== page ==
Garmin Varia UT800 Smart Bike Light In-Depth Review
Today, Garmin introduced their latest generation front bike light – the UT800. This light builds upon the connected concepts from their first generation lights, such as integration with their head units. With the UT800 though, the company has shifted the focus to the trail side of the cycling realm (though, it’s still perfectly fine for commuting). The unit now increases and decreases brightness with speed, as well as has other modes to save battery. Not to mention the nifty new mounting system.
I’ve been able to test out the UT800 both on trail and road rides, and thus have a pretty good handle on how it all works. Aside from the Varia Radar light I reviewed two years back, this is actually the first pure light focused in-depth review I’ve done (though I did do a first look of the See.Sense ICON lights). I have talked in a few posts about the Bontrager RT lights in the past, though never quite finished my review. The general concept there is similar though, and I like those lights quite a bit too.
In fact, it’s a point Garmin made pains to emphasize: While they technically compete with Bontrager in this space of ANT+ enabled bike lights, they don’t want to make it some sort of ugly marketing battle. They just want people to use lights on bikes, regardless of who it is. And it’s something that Bontrager has also echoed to me in the past as well.
In any event, this unit was loaned to me to try out and soon I’ll ship it back just like normal. If you find this review valuable, you can check out the links at the bottom to pick up your own illuminating goodness and help support the site via Amazon or Clever Training. With that – let’s dive into it!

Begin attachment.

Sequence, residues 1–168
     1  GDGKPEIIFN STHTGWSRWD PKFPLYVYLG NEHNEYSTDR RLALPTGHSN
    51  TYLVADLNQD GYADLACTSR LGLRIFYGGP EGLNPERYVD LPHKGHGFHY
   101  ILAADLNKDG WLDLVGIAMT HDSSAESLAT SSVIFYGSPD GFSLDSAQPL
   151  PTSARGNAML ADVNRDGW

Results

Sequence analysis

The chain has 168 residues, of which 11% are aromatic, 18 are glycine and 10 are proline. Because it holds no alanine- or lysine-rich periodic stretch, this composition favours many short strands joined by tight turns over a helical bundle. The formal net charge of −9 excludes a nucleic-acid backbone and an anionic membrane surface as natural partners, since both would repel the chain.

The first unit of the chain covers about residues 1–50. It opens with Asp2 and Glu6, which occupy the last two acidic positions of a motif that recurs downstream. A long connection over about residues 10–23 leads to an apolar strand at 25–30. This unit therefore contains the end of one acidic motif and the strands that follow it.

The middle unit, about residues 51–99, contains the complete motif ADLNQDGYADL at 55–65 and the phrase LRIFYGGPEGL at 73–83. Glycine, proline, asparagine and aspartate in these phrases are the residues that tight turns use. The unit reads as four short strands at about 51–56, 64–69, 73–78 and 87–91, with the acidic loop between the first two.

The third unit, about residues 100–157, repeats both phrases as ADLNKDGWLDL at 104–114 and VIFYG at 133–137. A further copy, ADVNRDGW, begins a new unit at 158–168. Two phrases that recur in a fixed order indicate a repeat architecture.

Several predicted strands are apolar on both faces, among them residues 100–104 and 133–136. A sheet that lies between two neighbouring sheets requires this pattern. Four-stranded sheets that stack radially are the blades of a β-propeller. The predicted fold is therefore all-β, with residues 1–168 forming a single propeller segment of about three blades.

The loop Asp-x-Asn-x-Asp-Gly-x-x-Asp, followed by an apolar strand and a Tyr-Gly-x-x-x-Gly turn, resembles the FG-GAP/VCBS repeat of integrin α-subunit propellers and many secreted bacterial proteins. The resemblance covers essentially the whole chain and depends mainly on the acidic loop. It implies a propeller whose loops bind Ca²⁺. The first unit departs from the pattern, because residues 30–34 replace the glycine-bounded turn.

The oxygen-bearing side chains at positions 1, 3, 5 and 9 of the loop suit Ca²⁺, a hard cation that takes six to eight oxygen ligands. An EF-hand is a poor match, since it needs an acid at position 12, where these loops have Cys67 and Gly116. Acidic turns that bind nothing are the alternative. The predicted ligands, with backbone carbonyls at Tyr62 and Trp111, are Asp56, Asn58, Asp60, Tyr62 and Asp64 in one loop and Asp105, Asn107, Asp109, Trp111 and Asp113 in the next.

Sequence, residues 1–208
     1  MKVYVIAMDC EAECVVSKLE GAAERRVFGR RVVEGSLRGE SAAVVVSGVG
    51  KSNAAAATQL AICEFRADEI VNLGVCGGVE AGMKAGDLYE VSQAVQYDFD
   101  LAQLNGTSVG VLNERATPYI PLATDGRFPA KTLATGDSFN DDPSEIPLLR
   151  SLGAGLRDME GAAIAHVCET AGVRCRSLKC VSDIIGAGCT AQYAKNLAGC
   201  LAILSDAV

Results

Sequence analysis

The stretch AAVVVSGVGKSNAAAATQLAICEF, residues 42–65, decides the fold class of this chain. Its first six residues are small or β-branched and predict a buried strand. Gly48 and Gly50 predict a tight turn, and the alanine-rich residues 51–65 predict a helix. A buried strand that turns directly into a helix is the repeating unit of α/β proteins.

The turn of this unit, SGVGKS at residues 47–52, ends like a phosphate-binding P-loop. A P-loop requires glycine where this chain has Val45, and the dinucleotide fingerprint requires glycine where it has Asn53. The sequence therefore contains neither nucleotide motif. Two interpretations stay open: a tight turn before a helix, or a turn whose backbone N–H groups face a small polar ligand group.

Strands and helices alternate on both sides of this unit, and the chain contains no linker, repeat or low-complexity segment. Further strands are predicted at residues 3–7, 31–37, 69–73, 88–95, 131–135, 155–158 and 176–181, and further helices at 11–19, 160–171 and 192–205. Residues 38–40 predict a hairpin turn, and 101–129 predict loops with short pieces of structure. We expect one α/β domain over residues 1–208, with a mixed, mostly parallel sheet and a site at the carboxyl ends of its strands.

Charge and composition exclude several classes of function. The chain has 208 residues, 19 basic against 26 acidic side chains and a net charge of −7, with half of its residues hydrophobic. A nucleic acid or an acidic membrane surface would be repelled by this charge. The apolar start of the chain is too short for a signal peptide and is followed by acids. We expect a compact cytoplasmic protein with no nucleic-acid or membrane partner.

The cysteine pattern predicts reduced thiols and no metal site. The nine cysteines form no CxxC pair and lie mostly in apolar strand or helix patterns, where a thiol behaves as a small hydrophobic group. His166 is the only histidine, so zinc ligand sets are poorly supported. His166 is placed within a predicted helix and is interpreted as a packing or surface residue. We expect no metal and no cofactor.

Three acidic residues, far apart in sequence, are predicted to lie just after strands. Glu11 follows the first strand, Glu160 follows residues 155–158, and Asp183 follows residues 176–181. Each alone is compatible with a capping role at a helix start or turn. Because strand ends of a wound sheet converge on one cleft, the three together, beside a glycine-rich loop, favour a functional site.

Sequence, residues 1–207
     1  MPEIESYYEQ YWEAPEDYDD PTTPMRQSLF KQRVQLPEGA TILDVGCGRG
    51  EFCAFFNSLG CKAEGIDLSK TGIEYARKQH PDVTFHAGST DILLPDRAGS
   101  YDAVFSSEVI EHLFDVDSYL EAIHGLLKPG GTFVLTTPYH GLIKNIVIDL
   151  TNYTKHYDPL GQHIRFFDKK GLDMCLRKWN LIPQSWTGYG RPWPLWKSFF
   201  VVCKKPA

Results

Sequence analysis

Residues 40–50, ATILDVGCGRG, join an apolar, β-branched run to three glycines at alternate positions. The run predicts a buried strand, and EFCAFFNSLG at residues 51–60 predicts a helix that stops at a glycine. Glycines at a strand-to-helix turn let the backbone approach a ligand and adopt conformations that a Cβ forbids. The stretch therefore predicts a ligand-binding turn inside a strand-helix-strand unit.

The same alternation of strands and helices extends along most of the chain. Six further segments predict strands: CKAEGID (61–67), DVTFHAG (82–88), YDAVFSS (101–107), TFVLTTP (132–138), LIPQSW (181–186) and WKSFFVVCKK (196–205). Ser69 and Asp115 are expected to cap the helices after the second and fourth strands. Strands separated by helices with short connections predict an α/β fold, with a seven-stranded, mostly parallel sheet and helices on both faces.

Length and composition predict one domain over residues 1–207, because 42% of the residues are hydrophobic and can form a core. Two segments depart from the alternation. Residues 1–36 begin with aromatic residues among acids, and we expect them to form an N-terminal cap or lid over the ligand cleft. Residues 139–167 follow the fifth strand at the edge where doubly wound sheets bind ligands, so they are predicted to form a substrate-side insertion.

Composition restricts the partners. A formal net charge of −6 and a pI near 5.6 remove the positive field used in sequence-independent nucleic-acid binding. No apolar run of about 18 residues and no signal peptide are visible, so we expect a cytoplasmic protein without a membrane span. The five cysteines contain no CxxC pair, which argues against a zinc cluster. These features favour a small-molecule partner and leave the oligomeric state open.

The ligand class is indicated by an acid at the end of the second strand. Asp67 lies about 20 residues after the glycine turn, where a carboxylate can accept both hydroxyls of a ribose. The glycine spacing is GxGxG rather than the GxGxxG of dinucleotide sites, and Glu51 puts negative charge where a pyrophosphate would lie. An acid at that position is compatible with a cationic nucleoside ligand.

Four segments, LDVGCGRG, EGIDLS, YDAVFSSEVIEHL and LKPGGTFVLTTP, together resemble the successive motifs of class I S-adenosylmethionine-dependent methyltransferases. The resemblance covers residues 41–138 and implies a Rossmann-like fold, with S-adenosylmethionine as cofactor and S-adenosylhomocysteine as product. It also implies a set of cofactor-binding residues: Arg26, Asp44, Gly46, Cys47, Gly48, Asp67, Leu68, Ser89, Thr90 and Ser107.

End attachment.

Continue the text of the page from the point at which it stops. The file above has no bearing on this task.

(Oh, and like some other product reviews I do where the product is relatively straightforward, I’ve slimmed down the format here to pack as much detail as humanly possible into a more compact version. Hope you like it!)
Oh, wait. Before we unbox this baby, if you’re the type that just likes videos – then the below is where it’s at. It’s about as close to a complete video review as you’ll get from me. But most importantly it includes legit and real light tests while outdoors trail and road riding to show how it all works.
Ok, with that out of the way, let’s talk boxes. Or rather, getting box naked.
First up we’ve got the box itself. It more or less looks like most other Garmin boxes these days. And it packs quite a bit inside that small package. Do note on the back that compliance warning for StVZO, which governs light usage in Germany.
Also of note is the side of the box, which has a handy little chart showing lumens and how the light responds over time.
After opening it up, we’ve got a pile of plastic bags full of little parts:
Removing those bags you’ll find the core pieces sitting ready:
First up is the paper manuals, where the quick-start guide is actually kinda useful. It lists all the different modes and more nifty charts for figuring out speed and light intensity:
Next, we’ve got the light itself, but don’t worry, you’ll get plenty more looks at that by the time this post is over. It comes in at 130g in weight.
Moving along, there’s the micro-USB charging cable. It’s just like every other micro-USB charging cable out there. It plugs into the back of the unit:
Then there’s the mount. This is not like every other mount out there. Sure it’s got the standard Garmin quarter-turn mount up top for your Garmin Edge device, but down below it’s got what is basically an inverted quarter-turn mount.
More interesting though is the small adapter piece that’s included. This allows you to attach the light to it, and then easily lock it on/off the bike in a single twist. One side being GoPro compatible, the other being Garmin quarter-turn mount compatible.